Old Differential Disassembly


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The Chevrolet Differential

My truck has a Chevrolet 15,000# vacuum actuated 2-speed rear axle. During my initial test drive, I discovered a problem that I believed was related to the 2-speed rear axle. Rear axle operation was normal when in "Low"; however, when shifted to "High", it felt and sounded like the truck was popping out of gear. Shift it back to "Low" and everything worked fine. It should be noted that the original differential was replaced by the previous owner (or owner before him) for some undisclosed reason. The original differential was, however, included with the purchase of the truck.

I decided to take the original differential apart in an attempt to figure out why it needed to be replaced. This merely involved taking the differential apart, cleaning the pieces and looking for obvious signs of failure such as broken components, excessive wear and tear, thermal damage, etc.

The removal of all the components was fairly straightforward, though I sure am glad I bought that 24 piece 3/4" socket set...everything is big on a C60. Each piece was cleaned in my parts tank as it came off. I found the major components (yoke, drive pinion gear, ring gear, shifter sleeve and yoke, bearings and races) to actually be in great shape given their age and the fact that it's a 2 ton truck.

Next I unbolted the ring gear from the Differential and Planet Support Case and Ring Gear and split open the case to reveal the sun and planetary gears.

The first sign of trouble came in the form of thermal damage to the Differential and Planet Support Case and Ring Gear. Note the bluish thermally induced discoloration on the inside walls of the case. Additional thermal damage was found on the top and base area of each of the four differential pinion gear posts, again evidenced by the bluish thermally induced discoloration.

The differential was then disassembled piece by piece and each component was cleaned and inspected. The thumbnails below detail the piece by piece disassembly of the differential.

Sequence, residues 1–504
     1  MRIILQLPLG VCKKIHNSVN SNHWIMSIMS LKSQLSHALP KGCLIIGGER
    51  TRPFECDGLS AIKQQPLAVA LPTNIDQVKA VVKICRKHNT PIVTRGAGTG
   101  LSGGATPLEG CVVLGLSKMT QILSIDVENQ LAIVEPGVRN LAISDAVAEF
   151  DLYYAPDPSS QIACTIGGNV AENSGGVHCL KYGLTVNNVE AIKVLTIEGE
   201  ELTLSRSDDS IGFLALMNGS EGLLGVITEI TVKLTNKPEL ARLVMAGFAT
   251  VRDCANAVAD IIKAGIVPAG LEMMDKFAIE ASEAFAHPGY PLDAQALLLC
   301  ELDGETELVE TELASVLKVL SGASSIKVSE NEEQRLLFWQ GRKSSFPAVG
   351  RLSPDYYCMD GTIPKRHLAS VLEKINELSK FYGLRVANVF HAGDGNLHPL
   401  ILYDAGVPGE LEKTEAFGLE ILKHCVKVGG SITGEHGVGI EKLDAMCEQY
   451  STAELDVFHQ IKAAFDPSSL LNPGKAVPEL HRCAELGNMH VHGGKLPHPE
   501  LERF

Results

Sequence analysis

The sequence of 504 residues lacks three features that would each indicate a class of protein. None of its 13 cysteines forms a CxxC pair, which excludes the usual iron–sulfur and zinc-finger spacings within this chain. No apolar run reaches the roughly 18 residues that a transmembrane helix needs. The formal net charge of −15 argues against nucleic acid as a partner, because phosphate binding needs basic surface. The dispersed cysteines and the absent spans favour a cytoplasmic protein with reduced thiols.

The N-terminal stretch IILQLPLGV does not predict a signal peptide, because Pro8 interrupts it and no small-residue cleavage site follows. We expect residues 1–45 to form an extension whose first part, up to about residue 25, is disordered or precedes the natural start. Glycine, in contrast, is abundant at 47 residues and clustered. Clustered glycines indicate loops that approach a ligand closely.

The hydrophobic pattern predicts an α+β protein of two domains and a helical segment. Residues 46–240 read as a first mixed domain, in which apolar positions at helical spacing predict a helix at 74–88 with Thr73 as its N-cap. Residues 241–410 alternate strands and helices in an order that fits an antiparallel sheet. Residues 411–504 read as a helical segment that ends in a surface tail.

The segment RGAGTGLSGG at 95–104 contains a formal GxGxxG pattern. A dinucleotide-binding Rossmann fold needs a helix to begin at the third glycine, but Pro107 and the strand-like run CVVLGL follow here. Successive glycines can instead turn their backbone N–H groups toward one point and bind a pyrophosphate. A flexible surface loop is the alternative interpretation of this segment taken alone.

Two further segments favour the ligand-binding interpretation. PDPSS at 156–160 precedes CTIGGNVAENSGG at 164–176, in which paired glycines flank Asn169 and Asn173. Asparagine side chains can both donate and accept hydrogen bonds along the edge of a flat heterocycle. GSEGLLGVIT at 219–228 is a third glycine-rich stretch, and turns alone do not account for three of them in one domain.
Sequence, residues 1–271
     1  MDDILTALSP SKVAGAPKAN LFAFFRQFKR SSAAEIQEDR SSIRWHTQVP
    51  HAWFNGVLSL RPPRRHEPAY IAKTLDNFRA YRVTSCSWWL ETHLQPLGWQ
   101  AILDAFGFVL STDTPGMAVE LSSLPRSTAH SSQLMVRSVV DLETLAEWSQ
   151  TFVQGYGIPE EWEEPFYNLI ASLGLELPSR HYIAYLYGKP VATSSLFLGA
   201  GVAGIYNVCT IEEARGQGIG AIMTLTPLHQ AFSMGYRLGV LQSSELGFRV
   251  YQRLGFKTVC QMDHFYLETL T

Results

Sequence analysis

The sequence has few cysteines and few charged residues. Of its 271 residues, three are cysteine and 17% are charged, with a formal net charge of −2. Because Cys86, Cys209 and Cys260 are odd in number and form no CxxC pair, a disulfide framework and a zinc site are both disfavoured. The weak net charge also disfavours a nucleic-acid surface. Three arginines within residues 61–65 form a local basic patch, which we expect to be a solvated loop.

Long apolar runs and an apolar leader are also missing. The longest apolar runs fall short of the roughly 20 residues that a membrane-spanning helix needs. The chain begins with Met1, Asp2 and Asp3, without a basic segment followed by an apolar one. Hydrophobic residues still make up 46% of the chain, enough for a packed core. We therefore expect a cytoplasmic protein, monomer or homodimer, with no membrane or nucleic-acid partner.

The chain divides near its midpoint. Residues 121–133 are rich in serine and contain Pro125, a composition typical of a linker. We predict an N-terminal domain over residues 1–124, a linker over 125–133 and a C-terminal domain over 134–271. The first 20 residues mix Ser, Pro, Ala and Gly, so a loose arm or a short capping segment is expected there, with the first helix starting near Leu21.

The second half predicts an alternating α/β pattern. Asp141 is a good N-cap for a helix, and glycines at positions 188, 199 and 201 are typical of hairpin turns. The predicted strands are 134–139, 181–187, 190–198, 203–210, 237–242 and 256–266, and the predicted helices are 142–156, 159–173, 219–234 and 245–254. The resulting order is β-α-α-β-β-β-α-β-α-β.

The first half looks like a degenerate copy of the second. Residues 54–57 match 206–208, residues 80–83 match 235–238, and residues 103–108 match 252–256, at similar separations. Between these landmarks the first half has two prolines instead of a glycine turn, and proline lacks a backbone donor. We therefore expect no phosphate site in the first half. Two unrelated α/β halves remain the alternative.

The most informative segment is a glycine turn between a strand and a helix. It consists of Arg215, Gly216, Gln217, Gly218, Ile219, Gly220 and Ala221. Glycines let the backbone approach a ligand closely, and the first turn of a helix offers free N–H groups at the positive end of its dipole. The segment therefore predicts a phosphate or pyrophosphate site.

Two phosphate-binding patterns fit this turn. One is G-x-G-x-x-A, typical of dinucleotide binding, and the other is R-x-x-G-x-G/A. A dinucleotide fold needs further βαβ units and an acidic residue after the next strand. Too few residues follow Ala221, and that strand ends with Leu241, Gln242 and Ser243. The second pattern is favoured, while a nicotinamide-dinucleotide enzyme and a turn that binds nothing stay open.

wpe1.jpg (48388 bytes)   wpe3.jpg (50469 bytes)   wpe5.jpg (46180 bytes)   wpe7.jpg (47231 bytes)   wpe9.jpg (51801 bytes)   wpeB.jpg (55087 bytes)

Excessive scoring was noted on the inside of the 2 halves of the Differential and Planet Support Covers. Further inspection revealed scoring and galling of the spider shafts and differential pinion thrust washers.

This truck has a 22,000 lb. GVWR. Inspection of the frame and undercarriage prior to purchase revealed no obvious signs of abuse (cracks in the frame of leaf spring hangers, sagging springs due to fatigue, frame twist, etc.). Therefore, the thermal stresses must have been caused either by using an improperly rated lubricant or by an insufficient quantity of lubricant rather than severe overloading. In addition to the obvious property of lubricity, gear oil also dissipates heat from the metal components. The damage observed here suggests that there was an inadequate quantity of gear oil in the differential case, thus leading to the thermal damage on the inside of the differential.

Aside from the damage to the inside of the differential, the rest of the 2 speed components are actually in great shape. It's unfortunate that improper maintenance most likely led to the failure of this differential. 



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